- 3: Number of questions posed directly to Forcese and/or Roach by Conservative MPs
At the same time that Bill C-51 was being criticized for an absence of increased oversight regarding CSIS, inadequacies in the present system received exposure in an article titled Canadian spy agency’s overseer can’t really oversee: documents by Alex Boutilier in the Toronto Star edition of April 1, 2015:
“CSIS’s review body admits it can only review a ‘small number’ of the spy agency’s actions each year, as the government continues to resist calls for oversight into Canada’s intelligence agencies.
The Security Intelligence Review Committee (SIRC) warned that continued vacancies on the five-person board, the inability to investigate CSIS operations with other agencies, and delays in CSIS providing required information are ‘key risks’ to its mandate.
‘Currently, SIRC reviews still lack the ability to follow the thread of a CSIS investigation if it involves another government department or agency,’ the SIRC wrote in documents tabled in Parliament on Tuesday.
SIRC’s effectiveness is dependent on (CSIS’s) timely provision of information. In those cases where there are delays in receiving information, SIRC is at risk of being unable to complete its reviews and investigations in a timely manner.”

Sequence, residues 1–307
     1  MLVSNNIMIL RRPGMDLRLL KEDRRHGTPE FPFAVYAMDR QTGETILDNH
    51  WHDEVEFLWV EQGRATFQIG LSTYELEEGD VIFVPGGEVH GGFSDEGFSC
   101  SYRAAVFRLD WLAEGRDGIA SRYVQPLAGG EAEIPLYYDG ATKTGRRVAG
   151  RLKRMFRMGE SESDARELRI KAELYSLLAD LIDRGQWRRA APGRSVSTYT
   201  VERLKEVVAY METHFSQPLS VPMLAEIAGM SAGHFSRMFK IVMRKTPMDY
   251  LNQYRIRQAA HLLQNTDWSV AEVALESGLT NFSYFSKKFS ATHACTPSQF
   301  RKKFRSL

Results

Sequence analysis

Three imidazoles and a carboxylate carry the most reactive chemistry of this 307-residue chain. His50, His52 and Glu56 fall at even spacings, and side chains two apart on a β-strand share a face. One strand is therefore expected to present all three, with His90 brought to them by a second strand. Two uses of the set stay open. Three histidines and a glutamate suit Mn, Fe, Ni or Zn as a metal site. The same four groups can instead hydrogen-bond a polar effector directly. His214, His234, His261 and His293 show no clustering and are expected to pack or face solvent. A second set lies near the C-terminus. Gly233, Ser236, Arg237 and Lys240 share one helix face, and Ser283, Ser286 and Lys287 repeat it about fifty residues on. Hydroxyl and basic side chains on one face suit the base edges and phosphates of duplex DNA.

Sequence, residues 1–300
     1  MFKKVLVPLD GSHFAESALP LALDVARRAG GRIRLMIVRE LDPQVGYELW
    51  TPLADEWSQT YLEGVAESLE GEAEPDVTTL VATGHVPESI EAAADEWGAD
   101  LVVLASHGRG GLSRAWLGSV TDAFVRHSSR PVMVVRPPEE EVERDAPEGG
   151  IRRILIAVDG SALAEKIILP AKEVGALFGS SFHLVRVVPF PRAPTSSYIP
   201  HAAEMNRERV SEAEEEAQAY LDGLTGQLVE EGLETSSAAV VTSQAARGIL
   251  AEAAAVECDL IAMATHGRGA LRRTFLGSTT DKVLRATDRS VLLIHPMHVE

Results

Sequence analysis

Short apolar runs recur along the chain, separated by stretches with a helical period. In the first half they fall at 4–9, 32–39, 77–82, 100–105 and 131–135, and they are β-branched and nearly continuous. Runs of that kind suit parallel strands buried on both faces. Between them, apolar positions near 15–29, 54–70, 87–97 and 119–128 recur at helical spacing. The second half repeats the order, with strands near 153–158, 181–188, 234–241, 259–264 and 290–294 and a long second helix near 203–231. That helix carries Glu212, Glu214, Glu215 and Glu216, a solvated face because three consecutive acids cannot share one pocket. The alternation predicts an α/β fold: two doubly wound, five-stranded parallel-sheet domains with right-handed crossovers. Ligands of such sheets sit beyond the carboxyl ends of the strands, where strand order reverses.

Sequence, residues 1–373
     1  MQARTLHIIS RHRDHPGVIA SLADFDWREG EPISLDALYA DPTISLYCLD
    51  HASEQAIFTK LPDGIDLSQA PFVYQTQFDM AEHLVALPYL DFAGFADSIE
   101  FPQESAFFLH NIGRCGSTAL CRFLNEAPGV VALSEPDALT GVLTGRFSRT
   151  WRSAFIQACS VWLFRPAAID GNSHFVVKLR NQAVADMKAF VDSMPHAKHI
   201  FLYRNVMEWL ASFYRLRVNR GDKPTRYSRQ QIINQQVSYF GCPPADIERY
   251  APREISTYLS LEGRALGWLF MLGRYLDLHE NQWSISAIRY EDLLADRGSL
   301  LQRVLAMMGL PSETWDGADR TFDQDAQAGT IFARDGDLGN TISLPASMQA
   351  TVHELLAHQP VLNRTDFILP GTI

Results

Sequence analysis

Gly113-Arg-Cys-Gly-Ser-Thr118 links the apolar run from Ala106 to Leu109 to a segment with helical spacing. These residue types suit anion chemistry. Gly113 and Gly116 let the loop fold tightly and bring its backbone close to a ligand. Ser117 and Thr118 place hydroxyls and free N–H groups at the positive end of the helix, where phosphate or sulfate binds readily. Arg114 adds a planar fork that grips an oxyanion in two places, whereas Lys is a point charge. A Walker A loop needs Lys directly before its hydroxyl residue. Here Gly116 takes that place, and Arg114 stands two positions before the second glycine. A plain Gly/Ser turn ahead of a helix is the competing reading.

Yet, as the committee concluded its clause-by-clause review of the bill, the government MPs refused every opposition amendment. The Conservatives continued to ignore concerns over inadequate funding for the present system of SIRC oversight and attempted to deflect public protest about the need for Parliamentary oversight of CSIS’s new powers by proposing four minor amendments to the bill. The amendments include a loosening of the type of activity deemed to undermine security to exclude unlawful but peaceful protest and a clarification that CSIS agents do not have arrest powers.
Also on April 1, 2015, Professor Forcese posted a lengthy exploration of what emerged from the committee process on his National Security Law Blog titled Bill C-51: What Did We Learn About The Government’s Intentions From The Clause-By-Clause. His analysis of the provision that will allow CSIS to breach the Charter with warrant follows: